Wednesday, May 11, 2005

Ryle: Transfer granted on two questions

One of the lawyers involved in the case wrote to me to note that the Supreme Court has granted transfer in Ryle (3/1/05) and ordered supplemental briefing on two questions, which are put as follows in the order appearing in the online docket:

In light of Blakely v. Washington, 124 S. Ct. 2531 (2004), and Smylie v. State, 823 N.E.2d 679 (Ind. 2005), are the facts that appellant (1) had been previously adjudicated a delinquent treated as a prior conviction and (2) was on probation at the time of the offense treated as derivative of Appellant's criminal history under Apprendi v. New jersey, 530 U.S. 466, 490 (2000), such that the facts need not be found by a jury before the trial court can use them to enhance Appellant's murder sentence beyond the presumptive term?

To answer these questions, both Ryle and the State have been given a whopping 7 pages or 3,200 words. If I understand the order correctly, it's blind filing for the supplemental briefs: they're to be filed at the same time with no reply permitted.

Although it does not appear yet on the Supreme Court's online calendar or oral arguments page, I am told that oral argument is scheduled for June 21st. I do not know the hour.

The following Indiana Blakely cases, in reverse chronological order, have treated juvenile adjudications as prior convictions:

  • Paschall (4/22/05)) (nothing but juvenile adjudications support enhanced sentence; without citation to any authority)
  • Hill (4/14/05) (prior adult and juvenile criminal history supported enhanced sentence; without citation to any authority)
  • McCray (3/10/05) (juvenile adjudication "acknowledged" in presentence report)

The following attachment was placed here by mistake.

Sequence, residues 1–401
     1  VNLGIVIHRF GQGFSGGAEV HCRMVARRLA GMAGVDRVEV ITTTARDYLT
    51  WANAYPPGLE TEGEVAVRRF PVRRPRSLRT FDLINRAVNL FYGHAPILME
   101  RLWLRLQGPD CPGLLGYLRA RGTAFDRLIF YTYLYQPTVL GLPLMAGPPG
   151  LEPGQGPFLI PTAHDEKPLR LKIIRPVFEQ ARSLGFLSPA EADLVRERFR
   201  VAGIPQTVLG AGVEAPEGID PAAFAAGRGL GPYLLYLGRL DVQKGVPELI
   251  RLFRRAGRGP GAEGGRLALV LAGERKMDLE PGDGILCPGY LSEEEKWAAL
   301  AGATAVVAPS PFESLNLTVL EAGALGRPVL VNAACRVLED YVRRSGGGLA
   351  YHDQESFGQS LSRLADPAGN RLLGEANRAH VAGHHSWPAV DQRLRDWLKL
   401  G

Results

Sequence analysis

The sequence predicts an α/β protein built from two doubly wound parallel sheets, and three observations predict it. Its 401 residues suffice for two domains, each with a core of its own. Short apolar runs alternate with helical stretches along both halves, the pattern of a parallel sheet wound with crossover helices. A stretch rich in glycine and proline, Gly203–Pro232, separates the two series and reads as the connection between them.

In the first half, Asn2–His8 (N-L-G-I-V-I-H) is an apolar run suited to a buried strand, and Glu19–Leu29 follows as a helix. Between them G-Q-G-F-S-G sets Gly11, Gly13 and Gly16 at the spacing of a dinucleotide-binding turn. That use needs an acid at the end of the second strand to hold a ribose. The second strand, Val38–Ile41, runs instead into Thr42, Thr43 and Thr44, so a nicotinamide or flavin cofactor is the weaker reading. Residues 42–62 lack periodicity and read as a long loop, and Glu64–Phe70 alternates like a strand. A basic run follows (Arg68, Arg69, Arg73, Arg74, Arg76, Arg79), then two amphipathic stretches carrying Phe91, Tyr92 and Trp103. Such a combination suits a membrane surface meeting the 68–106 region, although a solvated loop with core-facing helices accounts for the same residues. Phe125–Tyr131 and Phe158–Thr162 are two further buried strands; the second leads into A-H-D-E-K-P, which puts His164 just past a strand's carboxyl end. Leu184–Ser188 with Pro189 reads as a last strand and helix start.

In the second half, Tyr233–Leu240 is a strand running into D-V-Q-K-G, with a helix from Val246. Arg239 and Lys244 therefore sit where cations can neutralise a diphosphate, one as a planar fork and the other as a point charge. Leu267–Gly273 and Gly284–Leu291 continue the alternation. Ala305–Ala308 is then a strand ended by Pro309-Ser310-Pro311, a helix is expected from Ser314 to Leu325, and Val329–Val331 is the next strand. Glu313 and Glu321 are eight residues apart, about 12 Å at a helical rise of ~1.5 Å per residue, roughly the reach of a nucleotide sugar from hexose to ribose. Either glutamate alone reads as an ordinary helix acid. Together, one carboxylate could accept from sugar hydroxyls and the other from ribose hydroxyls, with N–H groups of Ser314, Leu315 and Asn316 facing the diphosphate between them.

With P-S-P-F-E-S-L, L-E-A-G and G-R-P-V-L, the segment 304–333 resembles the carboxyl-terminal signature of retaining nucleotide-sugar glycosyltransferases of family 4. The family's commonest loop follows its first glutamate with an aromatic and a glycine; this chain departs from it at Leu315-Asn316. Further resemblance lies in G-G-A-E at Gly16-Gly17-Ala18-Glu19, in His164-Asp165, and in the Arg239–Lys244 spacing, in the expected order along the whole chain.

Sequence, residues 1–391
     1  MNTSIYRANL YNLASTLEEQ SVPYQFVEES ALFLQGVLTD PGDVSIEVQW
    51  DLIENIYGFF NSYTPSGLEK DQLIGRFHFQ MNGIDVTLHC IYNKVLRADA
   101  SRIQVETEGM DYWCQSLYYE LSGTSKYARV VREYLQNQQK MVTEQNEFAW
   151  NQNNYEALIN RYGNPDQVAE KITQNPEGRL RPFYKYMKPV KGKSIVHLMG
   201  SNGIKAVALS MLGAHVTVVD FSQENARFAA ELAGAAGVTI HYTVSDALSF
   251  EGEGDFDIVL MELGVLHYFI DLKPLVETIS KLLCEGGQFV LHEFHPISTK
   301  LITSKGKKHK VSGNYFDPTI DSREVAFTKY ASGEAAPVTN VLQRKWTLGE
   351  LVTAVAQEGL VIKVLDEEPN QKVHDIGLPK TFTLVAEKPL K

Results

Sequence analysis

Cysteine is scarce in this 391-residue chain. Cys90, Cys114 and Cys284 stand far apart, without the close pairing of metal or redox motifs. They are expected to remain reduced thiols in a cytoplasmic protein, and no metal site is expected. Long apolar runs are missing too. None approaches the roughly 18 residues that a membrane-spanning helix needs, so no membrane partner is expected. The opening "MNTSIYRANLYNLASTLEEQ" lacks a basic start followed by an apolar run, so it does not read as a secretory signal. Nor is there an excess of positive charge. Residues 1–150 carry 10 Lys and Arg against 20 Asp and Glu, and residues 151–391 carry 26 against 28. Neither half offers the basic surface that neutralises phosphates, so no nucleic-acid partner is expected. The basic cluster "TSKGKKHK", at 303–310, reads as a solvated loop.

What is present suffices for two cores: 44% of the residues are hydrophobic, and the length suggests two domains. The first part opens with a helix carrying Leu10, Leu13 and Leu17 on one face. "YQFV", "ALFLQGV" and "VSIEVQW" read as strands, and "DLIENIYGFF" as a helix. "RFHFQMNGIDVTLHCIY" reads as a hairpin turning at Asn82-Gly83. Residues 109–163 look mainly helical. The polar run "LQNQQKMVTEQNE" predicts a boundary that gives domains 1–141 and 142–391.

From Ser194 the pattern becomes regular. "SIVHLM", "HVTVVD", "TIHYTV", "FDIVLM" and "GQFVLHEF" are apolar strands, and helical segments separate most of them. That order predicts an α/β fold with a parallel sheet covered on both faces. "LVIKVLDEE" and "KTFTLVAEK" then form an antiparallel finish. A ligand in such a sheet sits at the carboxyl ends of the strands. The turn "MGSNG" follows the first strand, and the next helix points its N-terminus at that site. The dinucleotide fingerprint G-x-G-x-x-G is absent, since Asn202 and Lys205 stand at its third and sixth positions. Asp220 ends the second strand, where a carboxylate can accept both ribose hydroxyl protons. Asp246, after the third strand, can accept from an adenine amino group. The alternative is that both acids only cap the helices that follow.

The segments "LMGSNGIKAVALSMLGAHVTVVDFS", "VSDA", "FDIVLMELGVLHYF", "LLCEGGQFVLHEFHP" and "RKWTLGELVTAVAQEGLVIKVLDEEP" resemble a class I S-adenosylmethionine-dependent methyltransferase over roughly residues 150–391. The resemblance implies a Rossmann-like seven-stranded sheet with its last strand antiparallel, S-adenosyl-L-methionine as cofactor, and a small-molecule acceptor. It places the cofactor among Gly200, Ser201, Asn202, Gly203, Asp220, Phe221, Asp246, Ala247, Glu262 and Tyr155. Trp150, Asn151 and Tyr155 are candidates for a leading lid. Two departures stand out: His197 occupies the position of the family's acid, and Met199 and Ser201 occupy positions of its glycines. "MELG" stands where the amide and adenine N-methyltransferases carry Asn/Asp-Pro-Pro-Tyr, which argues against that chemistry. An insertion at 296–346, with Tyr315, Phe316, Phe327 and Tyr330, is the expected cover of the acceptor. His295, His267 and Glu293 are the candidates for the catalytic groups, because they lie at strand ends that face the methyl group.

• Altes (3/1/05) (dictum that finding of likely future criminal conduct may be based on prior adult or juvenile criminal history; citation to Bledsoe)
  • McNew (2/25/05) (prior convictions, including juvenile adjudication for possession of marijuana exempt from Blakely; citation to Carson)
  • Abney (2/15/05) (juvenile adjudications are "prior convictions"; citation to Ryle)
  • Williams (12/8/04) (prior convictions, including juvenile adjudication, support enhancement; without citation to authority)
  • Holden (10/13/04) ("consistent adult and juvenile criminal history" not subject to Blakely; citation to Blakely)

Links to the cases are in the sidebar. I'll get to the probation cases presently.

Disclosure: I may be involved in the preparation for the oral argument on Ryle's side. Of course, that may just mean that I come up with better reasons that the fact of a juvenile adjudication should be treated no differently from the fact of a prior conviction. At the moment, I'm not convinced. My immediate reaction is, "What part of 'conviction' don't you understand?" It seems to me that in light of the remaining uncertainties surrounding Blakely, a certain literalist approach, often applied by Blakely's author, is not out of place.

Of course, since April 25th, we are now merely dealing with pipeline cases. The one remaining decision that will affect a very large number of cases indeed concerns Blakely's retroactivity to cases on collateral review. Smylieseems to say there is none. But the question wasn't presented; and the U.S.Supreme Court has yet to speak.

1 comment:

Anonymous said...

In Morristown, NJ, There weren't any written pleas deals in juveniles cases. The public defender brought the juvenile in front of the judge and the young man only answered yes, to questions the public defender asked pertaining to the charges. Yes, admitting guilt but, isn't it a requirement in adult cases for a defendant to verbally admit what they are quilty of, as an acknowledgment and sign a plea agreement acknowledging that they are accepting a binding plea agreement, knowingly and voluntary and were not threatened or coerced. How does an adjudication count as a conviction or a prior conviction, in any future court proceedings? Adult's conviction carry different rights, different process, and are afforded trial by jury's. I don't get it?